Juli Wang | ALES Graduate Seminar

Date(s) - 30/05/2024
9:00 am - 10:00 am
3-18J Agricultural/Forestry Centre, University of Alberta, Edmonton AB

A graduate exam seminar is a presentation of the student’s final research project for their degree.
This is an ALES PhD Final Exam Seminar by Juli Wang. This seminar is open to the general public to attend, either in person or online:


Meeting ID: 841 125 7438 | Passcode: InnerPeace | Find your local number: https://ualberta-ca.zoom.us/u/acjBjB2ejc

Thesis Topic: Production of plant-derived punicic acid in engineered yeast platforms

PhD with Dr. Gavin Chen.

Seminar Abstract:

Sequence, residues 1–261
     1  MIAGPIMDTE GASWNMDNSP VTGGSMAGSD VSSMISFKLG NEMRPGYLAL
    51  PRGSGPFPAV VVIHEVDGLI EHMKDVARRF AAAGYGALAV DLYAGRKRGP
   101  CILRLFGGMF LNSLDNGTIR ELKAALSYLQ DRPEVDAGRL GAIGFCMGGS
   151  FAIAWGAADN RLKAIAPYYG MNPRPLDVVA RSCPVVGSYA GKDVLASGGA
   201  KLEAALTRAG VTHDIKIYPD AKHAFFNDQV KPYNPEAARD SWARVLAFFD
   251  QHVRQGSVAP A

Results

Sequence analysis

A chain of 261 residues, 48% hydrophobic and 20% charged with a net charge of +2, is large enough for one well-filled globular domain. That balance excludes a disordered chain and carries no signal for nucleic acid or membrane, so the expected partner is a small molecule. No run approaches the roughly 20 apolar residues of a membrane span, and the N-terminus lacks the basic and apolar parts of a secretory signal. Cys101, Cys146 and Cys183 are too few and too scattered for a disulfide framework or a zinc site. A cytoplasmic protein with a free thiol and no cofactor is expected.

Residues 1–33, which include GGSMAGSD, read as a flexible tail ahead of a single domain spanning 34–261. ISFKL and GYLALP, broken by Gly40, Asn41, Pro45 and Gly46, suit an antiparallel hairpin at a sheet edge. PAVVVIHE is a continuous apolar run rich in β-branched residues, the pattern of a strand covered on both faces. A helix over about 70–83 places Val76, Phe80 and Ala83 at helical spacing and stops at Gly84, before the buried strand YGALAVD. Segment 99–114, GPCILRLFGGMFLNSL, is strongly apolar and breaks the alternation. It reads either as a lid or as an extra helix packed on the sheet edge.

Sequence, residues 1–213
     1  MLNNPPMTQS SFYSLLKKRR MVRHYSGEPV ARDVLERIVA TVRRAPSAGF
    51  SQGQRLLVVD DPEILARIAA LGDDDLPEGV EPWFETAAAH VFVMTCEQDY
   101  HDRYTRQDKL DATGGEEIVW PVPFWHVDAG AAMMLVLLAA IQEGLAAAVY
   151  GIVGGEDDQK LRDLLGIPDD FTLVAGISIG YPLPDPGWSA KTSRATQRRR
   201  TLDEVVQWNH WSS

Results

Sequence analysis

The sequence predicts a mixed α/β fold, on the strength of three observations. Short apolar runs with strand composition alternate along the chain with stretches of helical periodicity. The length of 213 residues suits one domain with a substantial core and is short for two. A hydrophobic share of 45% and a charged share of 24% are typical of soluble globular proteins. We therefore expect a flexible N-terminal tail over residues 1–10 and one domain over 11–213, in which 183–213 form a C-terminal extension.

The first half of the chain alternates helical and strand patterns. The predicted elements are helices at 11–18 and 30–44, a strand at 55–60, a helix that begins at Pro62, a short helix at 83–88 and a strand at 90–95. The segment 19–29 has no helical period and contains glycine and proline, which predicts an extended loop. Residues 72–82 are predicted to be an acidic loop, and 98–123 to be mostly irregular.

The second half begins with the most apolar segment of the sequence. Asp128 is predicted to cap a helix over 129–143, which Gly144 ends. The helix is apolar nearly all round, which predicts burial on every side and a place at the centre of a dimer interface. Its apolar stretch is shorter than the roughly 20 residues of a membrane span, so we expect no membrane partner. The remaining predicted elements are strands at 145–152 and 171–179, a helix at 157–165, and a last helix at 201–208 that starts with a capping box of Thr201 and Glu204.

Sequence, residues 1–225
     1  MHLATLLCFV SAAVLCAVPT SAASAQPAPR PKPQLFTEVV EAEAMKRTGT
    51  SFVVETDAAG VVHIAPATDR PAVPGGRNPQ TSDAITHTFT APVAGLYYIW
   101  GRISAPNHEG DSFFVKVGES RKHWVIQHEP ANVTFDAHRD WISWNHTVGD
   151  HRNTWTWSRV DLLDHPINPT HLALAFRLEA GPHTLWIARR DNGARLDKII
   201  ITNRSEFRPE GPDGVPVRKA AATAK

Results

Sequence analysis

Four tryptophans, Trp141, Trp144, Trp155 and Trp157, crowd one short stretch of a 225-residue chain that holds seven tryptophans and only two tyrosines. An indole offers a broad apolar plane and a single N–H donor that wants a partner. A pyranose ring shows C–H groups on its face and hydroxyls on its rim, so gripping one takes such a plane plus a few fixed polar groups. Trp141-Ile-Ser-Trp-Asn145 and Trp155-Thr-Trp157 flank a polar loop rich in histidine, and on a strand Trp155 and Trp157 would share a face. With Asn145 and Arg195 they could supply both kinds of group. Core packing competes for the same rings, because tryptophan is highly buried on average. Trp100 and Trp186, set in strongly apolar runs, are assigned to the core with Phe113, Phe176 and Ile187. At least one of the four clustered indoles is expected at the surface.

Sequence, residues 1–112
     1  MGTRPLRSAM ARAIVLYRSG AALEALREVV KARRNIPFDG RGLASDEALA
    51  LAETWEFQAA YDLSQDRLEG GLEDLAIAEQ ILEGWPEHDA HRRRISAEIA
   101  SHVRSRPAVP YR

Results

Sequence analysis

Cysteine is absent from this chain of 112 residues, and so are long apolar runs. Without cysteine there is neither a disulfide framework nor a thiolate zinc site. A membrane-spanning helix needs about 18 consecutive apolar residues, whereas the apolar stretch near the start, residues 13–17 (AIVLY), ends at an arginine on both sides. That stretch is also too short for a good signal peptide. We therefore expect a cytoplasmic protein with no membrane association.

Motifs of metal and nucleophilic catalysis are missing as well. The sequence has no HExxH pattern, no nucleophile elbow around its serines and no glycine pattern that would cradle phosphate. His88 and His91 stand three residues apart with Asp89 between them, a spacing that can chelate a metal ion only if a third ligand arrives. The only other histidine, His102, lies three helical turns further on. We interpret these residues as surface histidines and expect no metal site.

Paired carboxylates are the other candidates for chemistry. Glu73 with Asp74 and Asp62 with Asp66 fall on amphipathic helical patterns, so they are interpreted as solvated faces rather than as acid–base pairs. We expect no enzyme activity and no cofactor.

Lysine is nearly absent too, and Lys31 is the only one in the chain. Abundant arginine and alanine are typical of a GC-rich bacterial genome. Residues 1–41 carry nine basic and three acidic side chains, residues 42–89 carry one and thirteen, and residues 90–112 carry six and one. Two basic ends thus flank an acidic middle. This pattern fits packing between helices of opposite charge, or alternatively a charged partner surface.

Punicic acid (PuA) is a high-value edible conjugated fatty acid with strong bioactivities. It has potential applications in the nutraceutical and oleochemical industries. Since the production of PuA is limited by the fact that its primary natural source, pomegranate seed oil, is not readily available on a large scale, there is considerable interest in understanding the biosynthesis and accumulation of this plant-based unusual fatty acid in transgenic microorganisms to support the design of biotechnological approaches for PuA production via metabolic engineering and fermentation. In this study, the model yeast strain Saccharomyces cerevisiae was initially used to test the effectiveness of PuA production in microorganisms. The results revealed that the combination of precursor feeding and co-expression of selected genes in acyl channeling processes created a ‘Push-Pull’ approach to increase PuA content. Coupled with the deletion of yeast lipid metabolism regulator, the feeding of 0.05% linoleic acid, and the introduction of bifunctional fatty acid desaturase and conjugase (PgFADX) and other enzymes from pomegranate, PuA content was increased to 3.4% of total fatty acids. Due to the complexity of plant-derived unusual fatty acid synthetic pathways, individually testing each gene for pathway functionality and obtaining the best gene combination are time-consuming. A rapid workflow is necessary to facilitate the study of plant unusual fatty acid metabolism and the synthesis of plant-derived lipids in microorganisms. Therefore, genes potentially contributing to PuA synthesis were further shuffled within the yeast genome by targeting yeast Ty retrotransposon, resulting in a recombinant yeast library with varying PuA content. The screening of 1752 strains led to the identification of a recombinant S. cerevisiae capable of accumulating 26.7% of total fatty acids as PuA without requiring linoleic acid precursor feeding. In shake flask cultivation, the PuA titer reached 425 mg/L. Subsequent analysis showed the combination of several upstream and downstream genes conducive to PuA accumulation. Moreover, PuA constituted over 22% of total fatty acids in the triacylglycerol fraction of yeast single-cell oil, demonstrating a significant increase compared to the levels obtained in transgenic plants. Following the increase of PuA production in yeast, substantial changes in the yeast lipidome, including triacylglycerol and major polar lipid species, were observed. Since many non-conventional oleaginous yeasts have emerged as prominent candidates in biotechnological studies for their ability to produce single-cell oil from low-cost feedstocks, the capability of the oleaginous yeast Rhodosporidium toruloides to produce PuA was investigated. The initial expression of pomegranate PgFADX allowed R. toruloides to accumulate 3.7% of its total fatty acids as PuA. Subsequent genomic integration of genes encoding codon-optimized delta-12 acyl lipid desaturase or diacylglycerol acyltransferase 2 significantly increased PuA levels. The engineered R. toruloides strain accumulated up to 12% of its lipids as PuA from glucose, which translated into a PuA titer of 452 mg/L in shake flask cultivation. The content of PuA achieved 6.4% when wood hydrolysate was used as the substrate, showcasing R. toruloides’ potential in the bioconversion of lignocellulosic feedstock into high-value PuA. In summary, the work included in this study has led to two PuA-producing microbial platforms, including an engineered conventional yeast S. cerevisiae strain with a high PuA content, and a non-conventional oleaginous yeast R. toruloides strain that is capable of converting renewable agricultural and forestry waste substrate into high-value PuA. A novel Ty retrotransposon-targeted random gene shuffling workflow for efficiently engineering baker’s yeast for producing PuA was also developed. The findings of this thesis provide knowledge and valuable insights into the enrichment mechanism of PuA in yeast and will benefit the development of innovative microbial platforms for producing other plant-derived high-value fatty acids.

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